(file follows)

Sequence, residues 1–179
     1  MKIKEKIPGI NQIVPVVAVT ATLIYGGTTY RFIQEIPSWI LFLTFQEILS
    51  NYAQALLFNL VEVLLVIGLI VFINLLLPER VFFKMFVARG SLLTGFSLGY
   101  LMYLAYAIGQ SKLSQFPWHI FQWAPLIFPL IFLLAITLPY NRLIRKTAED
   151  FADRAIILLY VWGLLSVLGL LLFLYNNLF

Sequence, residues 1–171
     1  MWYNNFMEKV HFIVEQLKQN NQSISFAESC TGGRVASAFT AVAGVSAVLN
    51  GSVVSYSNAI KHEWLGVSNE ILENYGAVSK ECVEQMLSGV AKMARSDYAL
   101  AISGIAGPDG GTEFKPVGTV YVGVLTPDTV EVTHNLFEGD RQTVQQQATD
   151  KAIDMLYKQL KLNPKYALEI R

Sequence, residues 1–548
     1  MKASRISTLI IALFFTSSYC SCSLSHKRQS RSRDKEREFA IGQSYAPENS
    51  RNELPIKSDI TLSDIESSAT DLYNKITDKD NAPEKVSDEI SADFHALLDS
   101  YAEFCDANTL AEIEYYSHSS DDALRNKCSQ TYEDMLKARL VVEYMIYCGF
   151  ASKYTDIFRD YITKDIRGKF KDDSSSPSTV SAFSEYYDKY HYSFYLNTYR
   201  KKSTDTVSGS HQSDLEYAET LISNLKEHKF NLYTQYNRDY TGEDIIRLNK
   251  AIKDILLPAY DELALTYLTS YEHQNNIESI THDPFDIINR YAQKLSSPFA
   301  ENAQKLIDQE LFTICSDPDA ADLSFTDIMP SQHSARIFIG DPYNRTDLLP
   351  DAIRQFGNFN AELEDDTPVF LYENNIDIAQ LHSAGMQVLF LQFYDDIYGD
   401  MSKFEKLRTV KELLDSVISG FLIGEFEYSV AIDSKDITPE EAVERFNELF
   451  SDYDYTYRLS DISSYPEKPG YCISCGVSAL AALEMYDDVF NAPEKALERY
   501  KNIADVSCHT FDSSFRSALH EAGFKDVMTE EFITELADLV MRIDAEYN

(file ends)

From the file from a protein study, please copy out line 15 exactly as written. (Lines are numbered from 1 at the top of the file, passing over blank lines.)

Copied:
   151  ASKYTDIFRD YITKDIRGKF KDDSSSPSTV SAFSEYYDKY HYSFYLNTYR